Monday, 11 March 2013
The glamorous women in the promotional picture above are The DeLuca Sisters. Elsa and Paula. I don't know which is which.
In an era when strongman juggling acts were fairly common, they were one of the few strong woman acts. Of German/Italian descent, they performed in American variety halls throughout the thirties. They weren't particularly famous, indeed, you'd be hard-pressed to find a juggler these days who's heard of them, and no footage of their act exists, but they performed - as you can see from the pictures - what looks to be a very entertaining spot.
One of the key tricks in a heavyweight jugglers act is the neck catch. A heavy cannonball is catapulted thrown, or juggled high into the air, and then caught, perfectly, on the back of the performers neck.
The dangers of this trick are obvious. A fraction of an inch too low and its landing directly on the most fragile and exposed part of your spine. A touch off to one side and it's dislocating a shoulder. A hair too high and its hitting the base of your skull.
And, during one performance in 1936, that's what happened to poor Paula DeLuca. A slightly misjudged throw sent the cannonball colliding with the back of her head. She collapsed on stage. Three days later she was dead. She was 22 years old.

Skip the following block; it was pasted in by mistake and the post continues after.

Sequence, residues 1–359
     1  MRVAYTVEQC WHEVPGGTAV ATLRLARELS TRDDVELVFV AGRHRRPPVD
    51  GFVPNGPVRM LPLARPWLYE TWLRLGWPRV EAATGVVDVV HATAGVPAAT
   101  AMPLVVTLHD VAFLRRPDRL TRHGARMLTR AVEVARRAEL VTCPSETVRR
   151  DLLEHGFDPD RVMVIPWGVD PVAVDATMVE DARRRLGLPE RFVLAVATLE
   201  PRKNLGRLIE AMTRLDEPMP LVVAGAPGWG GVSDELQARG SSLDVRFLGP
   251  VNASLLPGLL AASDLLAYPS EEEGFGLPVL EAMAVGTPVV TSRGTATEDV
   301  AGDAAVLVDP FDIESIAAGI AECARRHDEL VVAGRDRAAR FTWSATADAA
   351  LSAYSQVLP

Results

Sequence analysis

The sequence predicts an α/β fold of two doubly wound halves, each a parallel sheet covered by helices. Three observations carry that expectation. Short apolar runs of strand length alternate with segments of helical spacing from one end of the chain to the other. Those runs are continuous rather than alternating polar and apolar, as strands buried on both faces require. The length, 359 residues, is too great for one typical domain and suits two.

Perhaps it's my continuing obsession with connecting to the lineage of my artform, or perhaps it's my love of old fashioned showmanship and hucksterism, but either way, I have had a thought.
In the entertainment business it's all too often about the exaggeration, the promise of the impossible, the bait and switch, but sometimes - especially in circus - honesty and genuine risk is where it's at.
At the next London Varieties show, at the Leicester Square Theatre, on March 28th, I shall be attempting the cannonball neck catch. Cannonballs are hard to find these days, but I think I have a suitable replacement. 16lb bowling balls.
This isn't magic. This isn't illusion. This is me literally risking my neck by betting on my hands.
I will be attempting the trick that killed Paula DeLuca.